Ypres Postcard

YPRES (Ieper)

Ypres is a pleasant town with an air of old world, however all the ancient building are a sham, everything has been lovingly restored after the complete destruction caused by four year of warfare. During the First Battle of Ypres (Oct-Nov 1914), the Kaiser ordered his troops that they 'Take Ypres or die', and die they did. All but for a short period in Oct 1914, Ypres remained in allied hands, although at a cost. Through out the war Ypres formed a significant Salient up on the Western Front.

The civilians did not leave Ypres until the intense bombardments during the Second

Ypres autumn 1917
Battle of Ypres (Apr-May 1915), but the town nearly fell during the spring offensive (Fourth Battle of Ypres - Apr 1918) when the Germans reached the outskirts. The limit of the German offensive is indicated by Demarcation Stones around the town. The Salient was finally broken in Sept - Oct 1918. 



The original Cloth Hall was built over the period 1260-1304, and after suffering severely by German shelling and incendiary devices was rebuilt between 1920 and 1962, and now houses the extensively refurbished (opened spring 1998) Cloth Hall Museum (other museums well worth a visit within the Salient include the Trench Museum at Sanctuary Wood, Hooge Chapel, Hill 60 - the QVR cafe).



The first church was built here in 1073 and the Cathedral in the thirteen century, like the rest of Ypres it was completely destroyed during the war, after the war it was restored to original plans with the exception being that it now boasts a spire, which although included in the original plans, was never built.



Designed by Sir Reginald Blomfield, who also designed many of the cemeteries in the Salient (including Tyne Cot). Its construction was the idea of Field Marshal Lord French (First Earl of Ypres 1921 - who led the original BEF and Commander in Chief until Dec 1915) to accommodate the large number of British still living in and visiting the Salient (However other references quote that the original idea was that of Earl Haig).

The site also included the Eaton Memorial School for the children of the gardeners and official workers in the region. Today the church is a memorial of all those who died in the Salient, with almost every item within dedicated to individuals or regiments.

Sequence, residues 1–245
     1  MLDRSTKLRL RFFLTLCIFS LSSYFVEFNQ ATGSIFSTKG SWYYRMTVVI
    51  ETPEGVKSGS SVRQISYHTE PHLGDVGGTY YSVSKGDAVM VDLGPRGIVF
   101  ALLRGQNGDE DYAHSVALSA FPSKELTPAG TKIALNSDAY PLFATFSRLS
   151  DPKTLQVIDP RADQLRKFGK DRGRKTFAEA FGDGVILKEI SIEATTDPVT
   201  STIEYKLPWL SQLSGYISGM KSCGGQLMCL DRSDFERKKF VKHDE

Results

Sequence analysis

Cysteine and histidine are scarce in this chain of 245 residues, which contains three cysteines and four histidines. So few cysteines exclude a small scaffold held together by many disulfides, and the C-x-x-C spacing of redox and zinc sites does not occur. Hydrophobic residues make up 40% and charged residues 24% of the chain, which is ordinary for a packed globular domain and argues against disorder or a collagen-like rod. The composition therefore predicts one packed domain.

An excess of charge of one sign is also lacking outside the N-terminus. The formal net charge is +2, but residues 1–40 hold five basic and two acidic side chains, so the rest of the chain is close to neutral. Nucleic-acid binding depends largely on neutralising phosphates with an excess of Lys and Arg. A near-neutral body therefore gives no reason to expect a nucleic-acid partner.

This is the most important site for the Salient pilgrim (it ranks the most visited memorial on the Western Front, together with the Beaumont Hamel

Memin Gate during construction
memorial). On the original site of the Menin Gate (Hangoart Gate), during the war, there was no gate, just two carved lions (now in Canberra, Australia). The Menin Gate like so many features of the Salient was designed by Sir Reginald Blomfield, and was built under considerable construction difficulties.

The archway forms the British Memorial to the Missing. The Imperial War Graves Commission (now known as the Commonwealth War Graves Commission) decided that four memorials would be set up to commemorate those who had fallen in the Salient and had no known grave (In fact just after the war the British wished to preserve the town as a memorial to the fallen).

There were about 40,000 unnamed graves in cemeteries in the area and a further 50,000 bodies which has simply disappeared into the Salient mud. It was decided that the New Zealand troops would be included at the Tyne Cot or Messines Ridge and Buttes New Military Cemetery. All other Empire and Dominicans were inscribed on either the memorial at Tyne Cot or Menin Gate.

The Menin Gate was the place for a memorial as many men had passed through the gate on the way to the trenches, a tag line at the time was 'Tell the last man through to bolt the gate'. The bears the names of 54,896 (40,244 UK, 6198 Australian, 6983 Canadian, 564 South African, 6 BWI and 4217 Indian), names of those who died between 1914 and 15th Aug 1917 who have no known grave.

Those lost after this date are listed on the Tyne Cot Memorial. Above the centre arches of the Menin Gate can be found a lion, facing out to the front lines and facing the town a sarcophagus with a flag and wreath. The casements beneath the ramparts were some of the safest places in Ypres during the war and were almost the only thing standing at the armistice. The famous 'Wiper Times' was printed in one of these casements.

Amongst many of the names on the memorial are seven men who won the Victoria Cross in WWI and one other holder of the award. There are also the names of three men who suffered a less glorious death, men who were executed by the British army but whose graves have since been lost.

At the inauguration ceremony in 1927, the buglers of the Somerset LI sounded the

Memin Gate today
Last Post, and the pipers of the Scots Guards played the Lament. Since then the simple ceremony of the sounding of the Last Post each and every night at 8pm has been carried out by the buglers of the Ypres Fire Brigade (an idea of Mr. P Vandenbraambussche - then Superintendent of Ypres Police). With exception of the period of German occupation in WWII.

Also see The Menin Gate in photo section.

1914 - 1918 War Dead



Commemorated on Memorials

Total Dead

Percentage unidentified or loss

UK & Former Colonies





Undivided India















New Zealand





South Africa











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